Dreamforce 2014 Predictions

October 1, 2014 John Gorup

crystal ball

Most predictions about Dreamforce are statements of the obvious. Dreamforce 2014 will have a renewed focus on the customer. There will be a lot of talk about the internet-of-things (IoT). Marc Benioff will wear cloud-themed sneakers.

There will also be a super secret announcement, that has been leaked and is not so secret anymore. Regarding this super secret announcement, by the way, Appirio will have a lot to say about it after it is no longer an official secret. I look forward to talking with you about the thing I can’t talk about.

What we do know is that Dreamforce will layout the roadmap for where Salesforce is heading, even if it’s not quite there yet. That means that you, as a representative of your company, can begin to build the foundation of your new business processes on existing stuff. The stuff you build today will flow right into the – what will by then be fully-baked – new features introduced at Dreamforce. Building your applications today with an eye on what is coming will let you hit the ground running and give you a big jump on your competition.

This is part of what makes Salesforce such a powerful force in business applications. If you listen to what Salesforce says, organizations can adopt innovation without much disruption to their IT department. We have seen this with Chatter. We have seen this Communities and Salesforce1. For people who have been in IT for a long time, this seamless adoption of innovation is amazing.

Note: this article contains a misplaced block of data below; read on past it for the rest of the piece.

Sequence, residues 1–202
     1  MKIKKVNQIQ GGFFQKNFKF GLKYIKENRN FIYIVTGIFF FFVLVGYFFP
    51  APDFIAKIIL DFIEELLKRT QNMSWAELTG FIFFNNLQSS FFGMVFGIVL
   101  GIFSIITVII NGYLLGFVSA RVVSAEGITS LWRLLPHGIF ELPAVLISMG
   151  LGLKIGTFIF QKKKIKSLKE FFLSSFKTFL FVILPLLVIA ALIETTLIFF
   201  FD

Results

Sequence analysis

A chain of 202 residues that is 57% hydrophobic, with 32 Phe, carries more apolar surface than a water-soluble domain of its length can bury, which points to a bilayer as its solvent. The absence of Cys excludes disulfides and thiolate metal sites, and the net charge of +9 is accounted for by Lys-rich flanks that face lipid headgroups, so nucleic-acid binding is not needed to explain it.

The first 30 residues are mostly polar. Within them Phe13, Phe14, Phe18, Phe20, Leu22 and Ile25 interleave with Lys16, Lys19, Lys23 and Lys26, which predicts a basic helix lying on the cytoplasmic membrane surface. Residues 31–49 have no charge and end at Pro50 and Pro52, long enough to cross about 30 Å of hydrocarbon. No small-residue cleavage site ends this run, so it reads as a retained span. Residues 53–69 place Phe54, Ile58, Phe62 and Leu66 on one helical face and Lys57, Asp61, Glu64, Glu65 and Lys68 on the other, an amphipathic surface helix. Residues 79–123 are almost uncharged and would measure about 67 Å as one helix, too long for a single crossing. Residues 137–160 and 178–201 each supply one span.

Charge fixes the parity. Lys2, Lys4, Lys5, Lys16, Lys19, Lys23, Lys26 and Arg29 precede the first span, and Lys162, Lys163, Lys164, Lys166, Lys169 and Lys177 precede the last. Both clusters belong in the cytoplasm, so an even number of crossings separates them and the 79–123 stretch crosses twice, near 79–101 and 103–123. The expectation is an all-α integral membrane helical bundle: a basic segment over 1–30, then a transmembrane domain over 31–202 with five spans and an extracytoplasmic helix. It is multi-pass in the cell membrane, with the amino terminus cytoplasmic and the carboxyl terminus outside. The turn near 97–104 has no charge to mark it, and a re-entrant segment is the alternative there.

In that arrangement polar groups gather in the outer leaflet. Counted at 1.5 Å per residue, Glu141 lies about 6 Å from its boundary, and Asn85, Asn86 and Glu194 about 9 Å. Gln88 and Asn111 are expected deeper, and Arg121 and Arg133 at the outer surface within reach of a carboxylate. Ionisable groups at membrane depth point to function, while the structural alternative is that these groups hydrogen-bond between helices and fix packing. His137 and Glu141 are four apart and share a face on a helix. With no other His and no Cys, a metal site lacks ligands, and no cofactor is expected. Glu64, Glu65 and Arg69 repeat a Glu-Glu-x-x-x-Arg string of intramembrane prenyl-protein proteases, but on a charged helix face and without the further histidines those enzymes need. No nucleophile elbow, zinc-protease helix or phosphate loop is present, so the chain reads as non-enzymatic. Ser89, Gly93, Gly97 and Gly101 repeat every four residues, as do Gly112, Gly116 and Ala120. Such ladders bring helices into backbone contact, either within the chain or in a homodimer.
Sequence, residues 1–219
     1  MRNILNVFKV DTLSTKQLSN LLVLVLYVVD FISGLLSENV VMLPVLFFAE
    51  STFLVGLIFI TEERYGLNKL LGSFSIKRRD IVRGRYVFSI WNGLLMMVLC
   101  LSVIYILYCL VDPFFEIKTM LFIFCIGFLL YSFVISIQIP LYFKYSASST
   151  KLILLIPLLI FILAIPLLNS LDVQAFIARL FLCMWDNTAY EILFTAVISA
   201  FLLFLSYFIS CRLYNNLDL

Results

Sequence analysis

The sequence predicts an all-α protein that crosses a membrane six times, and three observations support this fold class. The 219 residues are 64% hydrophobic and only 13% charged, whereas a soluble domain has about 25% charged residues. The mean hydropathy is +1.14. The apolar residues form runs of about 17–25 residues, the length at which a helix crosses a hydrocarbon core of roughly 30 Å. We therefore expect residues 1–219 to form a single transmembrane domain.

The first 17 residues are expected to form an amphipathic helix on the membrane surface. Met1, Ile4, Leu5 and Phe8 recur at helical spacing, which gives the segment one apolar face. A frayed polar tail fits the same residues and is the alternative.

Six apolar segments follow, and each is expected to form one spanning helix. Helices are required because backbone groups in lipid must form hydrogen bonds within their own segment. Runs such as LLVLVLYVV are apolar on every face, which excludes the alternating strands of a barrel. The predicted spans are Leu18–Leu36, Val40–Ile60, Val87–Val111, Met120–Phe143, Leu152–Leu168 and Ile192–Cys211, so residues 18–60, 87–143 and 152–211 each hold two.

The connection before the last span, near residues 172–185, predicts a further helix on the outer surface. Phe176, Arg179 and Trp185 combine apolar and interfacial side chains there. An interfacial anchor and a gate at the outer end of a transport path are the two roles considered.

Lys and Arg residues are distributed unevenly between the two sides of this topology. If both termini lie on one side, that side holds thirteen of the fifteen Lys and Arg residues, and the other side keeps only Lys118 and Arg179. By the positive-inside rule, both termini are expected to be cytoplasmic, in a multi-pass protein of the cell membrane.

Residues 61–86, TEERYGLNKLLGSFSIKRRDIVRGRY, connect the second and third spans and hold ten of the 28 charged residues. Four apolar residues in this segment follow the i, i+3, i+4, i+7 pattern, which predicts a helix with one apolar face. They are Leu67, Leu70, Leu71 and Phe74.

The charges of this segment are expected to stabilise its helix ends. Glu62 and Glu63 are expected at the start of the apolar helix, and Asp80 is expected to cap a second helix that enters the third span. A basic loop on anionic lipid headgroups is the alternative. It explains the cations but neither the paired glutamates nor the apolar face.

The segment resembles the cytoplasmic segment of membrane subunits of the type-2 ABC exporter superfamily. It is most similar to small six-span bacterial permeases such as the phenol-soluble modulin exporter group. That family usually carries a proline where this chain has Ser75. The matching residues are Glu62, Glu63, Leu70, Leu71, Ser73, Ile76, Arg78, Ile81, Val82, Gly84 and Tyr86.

So, our main prediction is that Dreamforce will show you some low branches to go after to get you ahead and above your competition.

Here are five predictions that are more specific:

  1. At least two vendors will hand out t-shirts that have a “Keep Calm and <verb> on” theme.
  2. Hillary Clinton will start her keynote at least thirty minutes late.
  3. There will be pseudo-protesters from Oracle, or at least real protesters protesting something.
  4. The wi-fi will be spotty at best.
  5. Charging stations for wireless devices will be in short supply.

Despite the minor annoyances that comes with having a gathering as large as Dreamforce, this year promises to be another milestone in the history of an industry. In many ways, cloud computing has simply become “computing.” The question is no longer about the delivery mechanism for software, but how it can be used for a competitive advantage.

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